“Josh was fresh out of you know whats,” wrote Jemele Hill, then with ESPN, when she retweeted the clip. “Candidate for live report of the year.”
“That’s when it went crazy,” Josh says. “Then you had D.L. Hughley retweet it. You had all these people retweet it and put it on Instagram. Then you had World Star HipHop, the Shade Room and B.E.T. share it. The Today Show ended up airing it on Monday.”
The next day, Josh went on air to assure viewers he wasn’t fired. In reality, he says that most people in South Bend and the greater Michiana area appreciated seeing someone be so “authentic.”
In part due to that live shot, the next news director at WNDU promoted Josh to morning news anchor a few months later, working alongside Tricia Sloma, who has been with the news station since 1993 — before now 23-year-old Josh was born.
Today, he is no longer a stranger to working at 5 a.m. As an anchor, his work days begins, ideally, at 2:30 a.m. As he opens his eyes, head still on the pillow, he checks his phone for texts and monitors Twitter to figure out what happened while he slept.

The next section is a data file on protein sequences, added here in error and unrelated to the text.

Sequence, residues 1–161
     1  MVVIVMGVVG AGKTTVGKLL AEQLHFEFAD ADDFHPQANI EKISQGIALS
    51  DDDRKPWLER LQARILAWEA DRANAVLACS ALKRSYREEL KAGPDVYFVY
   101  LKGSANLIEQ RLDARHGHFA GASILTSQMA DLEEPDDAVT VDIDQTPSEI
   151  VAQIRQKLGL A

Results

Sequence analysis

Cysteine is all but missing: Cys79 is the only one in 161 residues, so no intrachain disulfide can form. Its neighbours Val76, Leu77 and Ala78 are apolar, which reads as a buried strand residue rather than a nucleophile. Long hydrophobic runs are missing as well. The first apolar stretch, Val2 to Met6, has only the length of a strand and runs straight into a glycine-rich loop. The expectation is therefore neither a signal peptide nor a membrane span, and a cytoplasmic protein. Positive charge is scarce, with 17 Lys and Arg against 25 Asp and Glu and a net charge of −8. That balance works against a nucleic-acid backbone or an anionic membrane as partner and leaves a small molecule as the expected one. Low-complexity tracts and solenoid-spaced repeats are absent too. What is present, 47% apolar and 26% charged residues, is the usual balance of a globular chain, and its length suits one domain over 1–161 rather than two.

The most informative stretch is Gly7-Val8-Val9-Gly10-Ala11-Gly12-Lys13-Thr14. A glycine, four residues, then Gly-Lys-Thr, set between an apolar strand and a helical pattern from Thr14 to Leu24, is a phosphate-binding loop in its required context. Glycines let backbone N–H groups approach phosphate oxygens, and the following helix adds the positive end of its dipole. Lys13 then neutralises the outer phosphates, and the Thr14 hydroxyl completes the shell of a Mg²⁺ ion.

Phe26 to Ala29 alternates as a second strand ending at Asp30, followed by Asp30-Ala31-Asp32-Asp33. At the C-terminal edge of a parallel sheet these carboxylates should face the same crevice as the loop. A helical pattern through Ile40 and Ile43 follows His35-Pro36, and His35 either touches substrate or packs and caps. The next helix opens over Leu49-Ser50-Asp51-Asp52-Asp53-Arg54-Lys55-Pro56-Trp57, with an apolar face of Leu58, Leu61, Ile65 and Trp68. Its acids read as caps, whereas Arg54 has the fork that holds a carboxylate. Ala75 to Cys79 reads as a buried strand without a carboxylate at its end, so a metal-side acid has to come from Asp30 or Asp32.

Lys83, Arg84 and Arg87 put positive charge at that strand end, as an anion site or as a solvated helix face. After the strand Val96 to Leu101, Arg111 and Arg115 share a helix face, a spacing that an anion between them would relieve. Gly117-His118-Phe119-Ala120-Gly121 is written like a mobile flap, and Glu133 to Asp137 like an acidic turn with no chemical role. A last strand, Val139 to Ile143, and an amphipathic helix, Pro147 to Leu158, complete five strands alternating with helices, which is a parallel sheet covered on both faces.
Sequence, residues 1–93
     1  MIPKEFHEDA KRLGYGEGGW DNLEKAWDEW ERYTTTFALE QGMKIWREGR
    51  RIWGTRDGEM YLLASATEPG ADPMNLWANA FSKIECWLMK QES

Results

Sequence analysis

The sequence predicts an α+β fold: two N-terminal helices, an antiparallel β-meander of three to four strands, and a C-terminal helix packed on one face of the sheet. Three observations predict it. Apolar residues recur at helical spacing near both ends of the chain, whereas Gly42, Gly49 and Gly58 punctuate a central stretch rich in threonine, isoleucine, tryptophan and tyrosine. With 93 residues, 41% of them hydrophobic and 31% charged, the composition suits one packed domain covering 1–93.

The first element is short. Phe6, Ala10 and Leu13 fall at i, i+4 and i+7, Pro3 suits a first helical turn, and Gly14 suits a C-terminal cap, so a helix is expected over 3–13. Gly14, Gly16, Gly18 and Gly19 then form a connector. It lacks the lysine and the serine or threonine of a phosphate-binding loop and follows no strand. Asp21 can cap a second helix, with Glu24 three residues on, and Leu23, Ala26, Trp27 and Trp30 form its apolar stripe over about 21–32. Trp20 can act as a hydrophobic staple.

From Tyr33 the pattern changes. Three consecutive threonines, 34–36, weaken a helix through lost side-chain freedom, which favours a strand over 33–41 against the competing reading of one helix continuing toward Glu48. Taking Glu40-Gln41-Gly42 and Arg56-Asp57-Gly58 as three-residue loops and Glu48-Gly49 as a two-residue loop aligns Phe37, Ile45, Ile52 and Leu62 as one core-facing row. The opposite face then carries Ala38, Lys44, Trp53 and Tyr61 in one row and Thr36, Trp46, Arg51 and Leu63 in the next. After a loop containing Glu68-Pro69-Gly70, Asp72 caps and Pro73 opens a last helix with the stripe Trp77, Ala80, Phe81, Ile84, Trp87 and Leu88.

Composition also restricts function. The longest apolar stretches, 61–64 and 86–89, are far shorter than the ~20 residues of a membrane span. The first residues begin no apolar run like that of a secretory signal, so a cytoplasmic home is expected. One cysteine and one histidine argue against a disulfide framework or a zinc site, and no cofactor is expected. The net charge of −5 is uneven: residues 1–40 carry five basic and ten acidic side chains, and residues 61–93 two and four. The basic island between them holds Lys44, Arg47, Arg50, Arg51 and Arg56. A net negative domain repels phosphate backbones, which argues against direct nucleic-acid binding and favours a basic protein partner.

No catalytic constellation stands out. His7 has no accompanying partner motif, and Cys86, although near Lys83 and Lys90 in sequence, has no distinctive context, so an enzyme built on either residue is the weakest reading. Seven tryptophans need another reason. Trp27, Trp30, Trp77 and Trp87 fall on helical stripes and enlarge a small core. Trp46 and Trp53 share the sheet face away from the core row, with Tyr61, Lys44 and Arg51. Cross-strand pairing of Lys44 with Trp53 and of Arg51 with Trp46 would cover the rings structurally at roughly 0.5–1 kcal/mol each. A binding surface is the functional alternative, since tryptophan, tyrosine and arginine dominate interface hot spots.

“I usually get a text from sources saying, ‘you need to look into this, this and this,’” he says. “They’ll tell me there was a fire or there was a crash or whatever went on.”
Living on the northwest side of South Bend, it only takes Josh about 10 minutes to drive to the WNDU studio on US-31, just off the University of Notre Dame’s campus. As a Chicago native, the first time Josh came to South Bend was after he was already employed by WNDU. It was his first job out of college.
To connect with the South Bend community, he explored his new city by driving around on his off days without a specific plan for where he was heading.
“Sometimes, I’ll see a restaurant and pull over and call a friend and ask them to meet me there,” Josh says.
That’s how he discovered Frankie’s BBQ at 1132 S. Bend Ave. on South Bend’s west side. Since then, he says he’s eaten at Frankie’s at least seven times. Even though he’s not a coffee drinker, he still enjoys cafes such as South Blend, and on a night out, he can occasionally be seen at downtown’s Whiskey Exchange.